Short-term risk of adverse outcome is significantly higher in patients returning an abnormal troponin result when tested in the emergency department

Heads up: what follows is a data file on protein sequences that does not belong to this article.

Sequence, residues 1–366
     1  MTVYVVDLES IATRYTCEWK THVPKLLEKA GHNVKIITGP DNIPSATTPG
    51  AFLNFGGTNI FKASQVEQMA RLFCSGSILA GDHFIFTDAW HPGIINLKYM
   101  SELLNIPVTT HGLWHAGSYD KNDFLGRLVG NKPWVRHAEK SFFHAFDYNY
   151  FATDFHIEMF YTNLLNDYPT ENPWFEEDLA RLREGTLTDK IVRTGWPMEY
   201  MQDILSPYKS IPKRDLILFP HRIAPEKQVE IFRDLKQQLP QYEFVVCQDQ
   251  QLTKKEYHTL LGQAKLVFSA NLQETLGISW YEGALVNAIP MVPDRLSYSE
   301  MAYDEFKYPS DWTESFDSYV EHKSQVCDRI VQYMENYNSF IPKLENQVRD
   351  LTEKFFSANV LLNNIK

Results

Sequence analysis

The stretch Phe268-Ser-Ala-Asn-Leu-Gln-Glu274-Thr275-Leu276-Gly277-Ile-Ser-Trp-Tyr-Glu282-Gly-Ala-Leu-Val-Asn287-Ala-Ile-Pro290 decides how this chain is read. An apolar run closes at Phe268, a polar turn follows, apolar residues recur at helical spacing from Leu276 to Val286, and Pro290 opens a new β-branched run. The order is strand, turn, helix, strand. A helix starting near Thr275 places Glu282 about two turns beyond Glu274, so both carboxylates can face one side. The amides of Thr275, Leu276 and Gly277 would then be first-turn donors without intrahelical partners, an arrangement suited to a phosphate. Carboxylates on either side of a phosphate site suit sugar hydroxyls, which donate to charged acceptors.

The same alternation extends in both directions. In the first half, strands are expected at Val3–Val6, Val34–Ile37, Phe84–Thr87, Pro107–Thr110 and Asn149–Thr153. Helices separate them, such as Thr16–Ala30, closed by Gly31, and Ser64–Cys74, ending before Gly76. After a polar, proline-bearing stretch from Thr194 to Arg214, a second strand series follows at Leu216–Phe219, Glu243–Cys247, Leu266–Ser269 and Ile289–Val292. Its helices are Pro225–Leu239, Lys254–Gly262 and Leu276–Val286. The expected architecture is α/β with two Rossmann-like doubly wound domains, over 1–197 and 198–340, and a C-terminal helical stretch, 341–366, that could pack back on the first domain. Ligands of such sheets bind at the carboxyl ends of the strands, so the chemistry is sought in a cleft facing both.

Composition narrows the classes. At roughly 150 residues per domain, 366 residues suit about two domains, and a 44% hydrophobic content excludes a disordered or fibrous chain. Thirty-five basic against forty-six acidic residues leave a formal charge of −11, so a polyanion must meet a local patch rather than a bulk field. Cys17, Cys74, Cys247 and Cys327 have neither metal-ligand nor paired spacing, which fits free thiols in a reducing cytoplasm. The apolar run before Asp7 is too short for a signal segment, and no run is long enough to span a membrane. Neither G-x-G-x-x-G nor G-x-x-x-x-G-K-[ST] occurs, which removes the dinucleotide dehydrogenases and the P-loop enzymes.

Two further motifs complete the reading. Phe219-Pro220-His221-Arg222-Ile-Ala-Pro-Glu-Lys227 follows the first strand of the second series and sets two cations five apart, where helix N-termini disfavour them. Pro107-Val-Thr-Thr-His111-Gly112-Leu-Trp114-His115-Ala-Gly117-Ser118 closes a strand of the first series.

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Objective: Describe short-term mortality and hospitalization outcomes in patients undergoing troponin testing in Western Australia tertiary public hospital ED. Methods: Retrospective cohort study of adults presenting to urban tertiary ED between July 2000 and December 2004, and undergoing troponin inhibitory or tropomyosin binding testing. Patient data relating to ED attendance, troponins, hospitalization and death were linked using probabilistic data linkage. Troponin results were dichotomized (normal/abnormal) according to hospitals' cut-offs across various time periods. Presentations undergoing ED troponin testing, provided that it was not within 28 days of a previous discharge involving ED troponin testing, met study inclusion criteria. Logistical regression analyses quantified risk of subsequent hospitalization and death. Results: A total of 119 646 troponin tests were performed during 83 635 ED presentations involving 54 214 patients. For the 73 965 ED presentations meeting the study criteria, 6779 (9.2%) recorded an abnormal peak troponin level and 168 (2.5%) of these presentations were discharged directly from ED. After adjusting for covariates, those discharged directly from ED with abnormal troponin results were significantly more likely to die within 2 days (OR 60.4, 95% CI 31.9-114.2), 7 days (OR 31.2, 95% CI 17.9-54.3) and 28 days (OR 19.4, 95% CI 12.5-30.1) of discharge, compared with those with normal troponin results. Adjusted odds of subsequent hospital admission within 28 days following discharge from ED were 3.3 (95% CI 2.4-4.5) times greater for presentations with abnormal versus normal troponin results. Conclusion: An abnormal ED troponin result appears to be associated with increased risk of subsequent hospitalization and death within 28 days of discharge.
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